defining movement of the object in an arbitrary profile in the form of an attribute within a mark-up tag defining animations comprising at least one value defining a proportion of a distance between a start point and an end point the object will move in a duration between a start time and an end time such that a movement interval for movement to each movement proportion value is equal to the duration divided by the number of proportion values plus one, wherein the proportion values be less than 0% and greater than 100% to indicate movement outside a range defined by the start point and the end point; and
rendering movement of the object in the user interface display sequentially from the start point to the end point by way of the at least one proportion values according to the profile in the mark-up tag.
Description
FIELD OF THE INVENTION

The present invention generally relates to the display of information on wireless devices and more particularly relates to a method for displaying moving items in a user interface and to such a method for use within a device for use with a wireless communications network.

BACKGROUND

It is known to use a mark-up language to animate an object between two values in a linear or otherwise predetermined manner. It is also known to use graphical user interfaces for example such as that provided my Macromedia Flash™ to generate a graphical representation of an arbitrary animation profile.

The problem remains, how to control animation using a mark-up language according to an arbitrary profile when displaying a moving object defined by a mark-up language.

SUMMARY OF THE INVENTION

The invention provides a method of displaying a moving object in which the object is part of a user interface defined by a mark-up language and in which the movement of the object is defined by an arbitrary profile. The profile may be an attribute within a mark-up tag defining animations.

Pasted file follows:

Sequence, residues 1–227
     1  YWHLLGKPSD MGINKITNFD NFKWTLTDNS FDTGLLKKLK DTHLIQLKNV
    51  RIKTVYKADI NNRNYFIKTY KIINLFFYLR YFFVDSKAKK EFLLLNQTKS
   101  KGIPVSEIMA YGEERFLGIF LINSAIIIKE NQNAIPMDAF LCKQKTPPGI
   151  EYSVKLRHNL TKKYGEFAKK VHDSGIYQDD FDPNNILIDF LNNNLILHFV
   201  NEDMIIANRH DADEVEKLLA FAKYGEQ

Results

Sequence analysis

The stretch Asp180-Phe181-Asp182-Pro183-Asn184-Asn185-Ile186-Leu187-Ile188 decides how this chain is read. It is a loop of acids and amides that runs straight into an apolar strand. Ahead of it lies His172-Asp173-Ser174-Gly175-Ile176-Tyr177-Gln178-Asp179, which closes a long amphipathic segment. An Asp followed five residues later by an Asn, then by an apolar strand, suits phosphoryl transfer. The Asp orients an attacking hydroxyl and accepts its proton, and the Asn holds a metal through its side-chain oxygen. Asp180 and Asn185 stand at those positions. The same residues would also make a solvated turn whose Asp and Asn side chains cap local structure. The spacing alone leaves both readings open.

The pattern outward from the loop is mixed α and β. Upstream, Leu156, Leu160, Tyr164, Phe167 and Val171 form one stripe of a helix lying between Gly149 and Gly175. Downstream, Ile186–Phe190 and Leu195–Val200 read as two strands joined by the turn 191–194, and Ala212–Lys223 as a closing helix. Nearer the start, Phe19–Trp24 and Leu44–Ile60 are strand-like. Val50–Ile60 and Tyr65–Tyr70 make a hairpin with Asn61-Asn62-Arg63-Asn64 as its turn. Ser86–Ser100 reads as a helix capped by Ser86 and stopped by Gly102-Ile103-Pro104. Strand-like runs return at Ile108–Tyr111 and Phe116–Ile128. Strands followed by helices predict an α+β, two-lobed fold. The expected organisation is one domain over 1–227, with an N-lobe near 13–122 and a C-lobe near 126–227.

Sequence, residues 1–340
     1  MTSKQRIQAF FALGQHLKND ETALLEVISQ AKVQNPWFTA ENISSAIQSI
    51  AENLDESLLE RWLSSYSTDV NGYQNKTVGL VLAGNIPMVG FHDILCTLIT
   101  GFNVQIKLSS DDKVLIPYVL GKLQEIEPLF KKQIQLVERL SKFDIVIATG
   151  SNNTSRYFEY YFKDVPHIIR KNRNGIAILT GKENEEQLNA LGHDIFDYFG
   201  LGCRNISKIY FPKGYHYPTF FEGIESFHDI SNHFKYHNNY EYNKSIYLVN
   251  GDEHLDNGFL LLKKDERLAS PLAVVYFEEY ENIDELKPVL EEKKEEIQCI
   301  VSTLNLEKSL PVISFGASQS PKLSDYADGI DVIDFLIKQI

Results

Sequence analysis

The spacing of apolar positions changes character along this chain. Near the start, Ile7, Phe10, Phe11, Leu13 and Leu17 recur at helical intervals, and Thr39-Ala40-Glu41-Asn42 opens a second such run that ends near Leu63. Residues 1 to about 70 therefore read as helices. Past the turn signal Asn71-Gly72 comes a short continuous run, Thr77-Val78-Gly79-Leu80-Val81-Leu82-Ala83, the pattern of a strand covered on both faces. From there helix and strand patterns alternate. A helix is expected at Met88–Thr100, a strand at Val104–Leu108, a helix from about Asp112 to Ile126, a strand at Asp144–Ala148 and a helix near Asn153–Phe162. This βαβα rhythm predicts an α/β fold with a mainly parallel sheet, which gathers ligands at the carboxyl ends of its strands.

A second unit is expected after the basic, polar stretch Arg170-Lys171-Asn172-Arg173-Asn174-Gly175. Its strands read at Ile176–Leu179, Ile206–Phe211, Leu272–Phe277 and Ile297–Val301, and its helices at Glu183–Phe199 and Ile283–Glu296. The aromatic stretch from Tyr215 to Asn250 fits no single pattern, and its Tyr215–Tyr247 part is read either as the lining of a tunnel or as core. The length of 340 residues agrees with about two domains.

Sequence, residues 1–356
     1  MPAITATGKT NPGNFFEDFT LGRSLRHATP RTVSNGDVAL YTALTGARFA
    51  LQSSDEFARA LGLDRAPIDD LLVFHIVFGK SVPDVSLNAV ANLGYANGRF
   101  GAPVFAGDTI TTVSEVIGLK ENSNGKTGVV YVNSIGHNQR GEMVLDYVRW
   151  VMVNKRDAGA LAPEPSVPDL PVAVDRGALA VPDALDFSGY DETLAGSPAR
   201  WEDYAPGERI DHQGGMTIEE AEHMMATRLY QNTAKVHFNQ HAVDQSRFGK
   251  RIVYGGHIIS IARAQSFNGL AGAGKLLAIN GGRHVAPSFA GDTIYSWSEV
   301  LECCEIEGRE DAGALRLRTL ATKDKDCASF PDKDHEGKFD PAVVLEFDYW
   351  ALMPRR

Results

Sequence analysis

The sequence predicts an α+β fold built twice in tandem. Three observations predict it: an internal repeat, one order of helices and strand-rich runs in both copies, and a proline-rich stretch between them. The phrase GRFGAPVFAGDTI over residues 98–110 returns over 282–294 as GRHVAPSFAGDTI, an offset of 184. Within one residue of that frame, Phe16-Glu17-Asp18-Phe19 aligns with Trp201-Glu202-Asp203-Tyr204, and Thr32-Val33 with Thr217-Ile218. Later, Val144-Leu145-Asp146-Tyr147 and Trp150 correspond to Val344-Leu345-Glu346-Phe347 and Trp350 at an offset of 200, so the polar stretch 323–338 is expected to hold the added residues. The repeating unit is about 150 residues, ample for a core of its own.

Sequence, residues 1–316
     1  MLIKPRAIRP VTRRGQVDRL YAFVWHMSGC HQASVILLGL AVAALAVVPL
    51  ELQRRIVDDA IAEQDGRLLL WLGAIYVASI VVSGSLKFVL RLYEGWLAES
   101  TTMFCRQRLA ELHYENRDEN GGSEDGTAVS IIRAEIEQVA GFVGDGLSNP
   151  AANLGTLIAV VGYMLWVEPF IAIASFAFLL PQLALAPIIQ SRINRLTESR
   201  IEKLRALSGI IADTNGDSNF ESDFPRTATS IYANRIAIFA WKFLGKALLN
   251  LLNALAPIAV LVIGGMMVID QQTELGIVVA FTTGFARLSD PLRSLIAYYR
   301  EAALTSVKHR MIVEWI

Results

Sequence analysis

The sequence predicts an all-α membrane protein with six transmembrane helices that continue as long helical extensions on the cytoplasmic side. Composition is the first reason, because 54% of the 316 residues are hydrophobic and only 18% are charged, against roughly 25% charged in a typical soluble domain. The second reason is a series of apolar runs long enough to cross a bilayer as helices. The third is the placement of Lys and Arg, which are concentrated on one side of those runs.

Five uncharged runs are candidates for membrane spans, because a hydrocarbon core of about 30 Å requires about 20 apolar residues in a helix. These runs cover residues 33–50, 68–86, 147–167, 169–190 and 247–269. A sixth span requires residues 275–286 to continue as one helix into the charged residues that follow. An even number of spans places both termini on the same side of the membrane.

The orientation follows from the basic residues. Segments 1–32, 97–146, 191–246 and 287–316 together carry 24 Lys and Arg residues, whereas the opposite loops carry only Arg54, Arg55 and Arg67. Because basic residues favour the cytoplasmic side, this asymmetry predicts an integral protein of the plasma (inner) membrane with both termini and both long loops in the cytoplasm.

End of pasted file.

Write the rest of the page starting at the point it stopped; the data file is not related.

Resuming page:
In one aspect the profile comprises a sequence of at least one value defining a proportion of a distance between a start point and an end point the object will move at least one point in time. The proportion may be defined to be less than 0% or greater than 100% to indicate movement outside a range defined by the start point and the end point.

In one aspect there is a plurality of points in time which are linearly spaced for a duration between a start time and an end time, in which case the duration between said points in time will be equal to the duration divided by the number of values in the sequence.

According to the invention there is also provided method of achieving complex animation effects in a user interface defined by a mark-up language by defining a movement of one or more objects.

According to another aspect of the invention there is also provided a device comprising a display and a user interface defined by a mark-up language, in which moving objects are displayed in operation according to an arbitrary profile. The profile may be an attribute within a mark-up tag defining animations.

In one aspect the profile comprises a sequence of at least one value defining a proportion of a distance between a start point and an end point the object will move at least one point in time. The proportion may be defined to be less than 0% or greater than 100% to indicate movement outside a range defined by the start point and the end point.